Sunday, December 15, 2019

Sunday Musings | Are You Watching For Jesus?

The day Mary and Joseph brought the baby Jesus to the temple to present Him to the Lord, a man named Simeon was there. We find Simeon's story in Luke 2:25-35.

And behold, there was a man in Jerusalem whose name was Simeon, and this man was just and devout, waiting for the Consolation of Israel, and the Holy Spirit was upon him. And it had been revealed to him by the Holy Spirit that he would not see death before he had seen the Lord’s Christ. So he came by the Spirit into the temple. And when the parents brought in the Child Jesus, to do for Him according to the custom of the law, he took Him up in his arms and blessed God and said:

“Lord, now You are letting Your servant depart in peace,

According to Your word;
For my eyes have seen Your salvation
Which You have prepared before the face of all peoples,
A light to bring revelation to the Gentiles,
And the glory of Your people Israel.”

And Joseph and His mother marveled at those things which were spoken of Him. Then Simeon blessed them, and said to Mary His mother, “Behold, this Child is destined for the fall and rising of many in Israel, and for a sign which will be spoken against (yes, a sword will pierce through your own soul also), that the thoughts of many hearts may be revealed.”

We learn from this passage that Simeon was waiting to see Christ! He knew, by the Holy Spirit, that he would see the Consolation of Israel in his lifetime, so he was watching for Jesus! He was rewarded for his devotion and gave thanks to God at His fulfillment of the promise of a Messiah.

We, too, have a promise to watch for! Jesus said:

In My Father’s house are many mansions; if it were not so, I would have told you. I go to prepare a place for you. And if I go and prepare a place for you, I will come again and receive you to Myself; that where I am, there you may be also. (John 14:2-3)

Jesus promised to return again! Like Simeon, we don't know when that time will come. But we do know that God always fulfills his promises!



As you look forward to Christmas and the celebration of Christ's first arrival here on Earth, are you watching and waiting for His return?

Tuesday, December 10, 2019

Katharine Graham & The Washington Post

Several months ago, I read an article about Katharine Graham in Issue 30 of Flow magazine. I honestly didn't know anything about her, but this piece sparked my interest and led me to do more research.


Katharine Graham's father purchased The Washington Post at an auction in 1933. Several years after her marriage to Philip Graham, her father turned the paper over to Philip, who ran it until his death by suicide in 1963. At that time, Katharine herself took over as president of The Washington Post Company and eventually became one of the most successful and influential women in the United States.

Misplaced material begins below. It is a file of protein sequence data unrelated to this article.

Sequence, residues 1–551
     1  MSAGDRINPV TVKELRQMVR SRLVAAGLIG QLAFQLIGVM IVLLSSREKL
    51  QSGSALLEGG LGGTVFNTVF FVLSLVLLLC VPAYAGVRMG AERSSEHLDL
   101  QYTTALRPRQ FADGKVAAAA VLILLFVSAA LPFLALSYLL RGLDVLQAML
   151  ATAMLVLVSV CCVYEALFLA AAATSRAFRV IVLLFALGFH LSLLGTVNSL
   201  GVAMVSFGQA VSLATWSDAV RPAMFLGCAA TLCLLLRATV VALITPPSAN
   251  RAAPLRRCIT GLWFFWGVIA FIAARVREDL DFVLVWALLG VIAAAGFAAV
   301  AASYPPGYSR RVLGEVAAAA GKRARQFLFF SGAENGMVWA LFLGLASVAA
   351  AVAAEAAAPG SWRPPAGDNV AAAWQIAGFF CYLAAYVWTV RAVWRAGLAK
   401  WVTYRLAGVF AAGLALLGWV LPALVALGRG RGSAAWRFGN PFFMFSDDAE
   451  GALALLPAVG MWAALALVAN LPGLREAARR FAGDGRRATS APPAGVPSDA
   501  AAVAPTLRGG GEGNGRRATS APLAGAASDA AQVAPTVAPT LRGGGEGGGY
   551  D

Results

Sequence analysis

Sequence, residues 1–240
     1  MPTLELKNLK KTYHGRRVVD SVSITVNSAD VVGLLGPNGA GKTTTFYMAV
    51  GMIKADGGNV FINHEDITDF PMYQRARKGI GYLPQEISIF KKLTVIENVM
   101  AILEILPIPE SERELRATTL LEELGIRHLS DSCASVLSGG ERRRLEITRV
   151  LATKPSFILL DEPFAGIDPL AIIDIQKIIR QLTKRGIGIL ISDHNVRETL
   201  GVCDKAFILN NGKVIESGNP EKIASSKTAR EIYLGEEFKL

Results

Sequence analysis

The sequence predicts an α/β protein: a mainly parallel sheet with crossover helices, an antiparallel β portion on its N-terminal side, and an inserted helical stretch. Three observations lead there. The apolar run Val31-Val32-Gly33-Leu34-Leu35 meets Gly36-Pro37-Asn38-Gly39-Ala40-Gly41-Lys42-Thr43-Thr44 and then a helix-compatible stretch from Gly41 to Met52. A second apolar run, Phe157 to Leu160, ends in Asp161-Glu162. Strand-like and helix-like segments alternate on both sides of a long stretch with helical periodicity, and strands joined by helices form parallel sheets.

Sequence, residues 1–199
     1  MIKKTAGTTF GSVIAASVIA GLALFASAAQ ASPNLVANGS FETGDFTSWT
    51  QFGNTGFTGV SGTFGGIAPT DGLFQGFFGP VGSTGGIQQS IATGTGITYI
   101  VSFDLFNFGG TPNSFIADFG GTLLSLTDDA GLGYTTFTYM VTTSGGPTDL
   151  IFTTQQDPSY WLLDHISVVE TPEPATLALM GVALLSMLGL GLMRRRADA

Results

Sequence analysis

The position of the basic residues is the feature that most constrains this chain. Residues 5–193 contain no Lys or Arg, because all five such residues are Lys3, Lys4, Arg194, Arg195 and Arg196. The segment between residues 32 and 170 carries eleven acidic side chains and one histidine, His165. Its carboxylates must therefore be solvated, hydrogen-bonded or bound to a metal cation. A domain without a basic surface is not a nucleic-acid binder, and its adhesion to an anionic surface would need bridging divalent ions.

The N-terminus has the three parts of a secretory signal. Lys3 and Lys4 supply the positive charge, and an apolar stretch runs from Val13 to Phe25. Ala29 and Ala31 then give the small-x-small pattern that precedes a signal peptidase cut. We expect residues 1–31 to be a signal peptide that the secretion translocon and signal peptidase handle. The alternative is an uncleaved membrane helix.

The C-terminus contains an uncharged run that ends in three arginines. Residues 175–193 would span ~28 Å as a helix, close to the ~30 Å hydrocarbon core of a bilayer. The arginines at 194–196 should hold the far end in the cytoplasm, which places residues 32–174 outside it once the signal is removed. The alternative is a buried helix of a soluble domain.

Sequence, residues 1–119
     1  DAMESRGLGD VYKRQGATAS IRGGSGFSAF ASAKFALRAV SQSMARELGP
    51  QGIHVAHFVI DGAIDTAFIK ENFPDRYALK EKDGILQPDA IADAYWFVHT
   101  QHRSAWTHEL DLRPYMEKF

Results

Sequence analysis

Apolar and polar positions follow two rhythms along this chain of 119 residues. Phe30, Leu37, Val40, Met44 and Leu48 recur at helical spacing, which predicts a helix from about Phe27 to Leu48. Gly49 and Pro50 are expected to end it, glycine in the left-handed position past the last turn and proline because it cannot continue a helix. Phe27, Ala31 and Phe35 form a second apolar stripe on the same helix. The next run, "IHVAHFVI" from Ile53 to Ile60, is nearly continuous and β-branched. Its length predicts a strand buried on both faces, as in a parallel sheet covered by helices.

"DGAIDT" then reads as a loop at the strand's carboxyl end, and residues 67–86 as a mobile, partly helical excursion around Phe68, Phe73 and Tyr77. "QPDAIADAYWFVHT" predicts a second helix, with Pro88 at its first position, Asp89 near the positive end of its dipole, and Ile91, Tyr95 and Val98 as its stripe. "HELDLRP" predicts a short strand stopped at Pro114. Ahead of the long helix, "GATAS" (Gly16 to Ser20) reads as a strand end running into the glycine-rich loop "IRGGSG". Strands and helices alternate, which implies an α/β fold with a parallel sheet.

The article mentioned the 2017 movie The Post, which Robbie and I watched together. The movie depicts the events that took place in 1971 and Katharine Graham's decision to publish parts of The Pentagon Papers, secret reports about the United States' involvement in Vietnam. I now had a better understanding of why the magazine article touted Graham as a heroine of free speech.

Robbie then told me about another movie portraying the events surrounding The Washington Post's reporting on the Watergate Scandal that led to President Nixon's resignation. This movie, All The President's Men (featuring a young Dustin Hoffman and Robert Redford), does a wonderful job of showing what investigative reporting required (before the internet), how publishing decisions were made, and the extent of political corruption during that time.

Finally, I purchased a copy of Katharine Graham's 640+ page autobiography aptly titled Personal History. This book was written in 1997 when Mrs. Graham was almost 80-years-old and it covers a vast amount of the history of our country, particularly the Washington DC area, during the 1900s. The personal story of her life is intertwined with so much history! It is well-written and won the Pulitzer Prize in 1998.

The book begins with her parents, who were a prominent and wealthy family. She grew up in Washington DC and Mont Kisco, New York. She earned a Bachelor of Arts degree in 1936 and married Philip Graham in 1940. Then at the age of 46, she began what she called her "second life" as she took over the reins of The Washington Post Company.

Throughout her life she rubbed shoulders with many prominent players in our nation's history (she dined at the White House, was good friends with Warren Buffet and Truman Capote, etc) and had an influential part in the history of printed newspapers (publishing the Pentagon Papers, breaking the Watergate story, surviving the pressman union strike, etc).

    

I have to admit that after all this extremely interesting research, I decided I like Katharine Graham ... and I don't like her. While she had many advantages and eventually became an influential player in crucial events in our country, she suffered from low self-esteem and a lack of confidence in her abilities for many years. Her political and personal viewpoints were quite liberal. However, she lived through some tragic times (a controlling yet absentee mother, her husband's mental illness and eventual suicide) and was very forthcoming and introspective about her shortcomings and regrets as well as her successes. She made a point of recognizing and giving credit to the people who helped her, especially as she learned the newspaper business and began to grow The Washington Post Company through acquisition of TV stations and magazines. Yet, it was pretty evident which administrations and individuals she did not rate highly.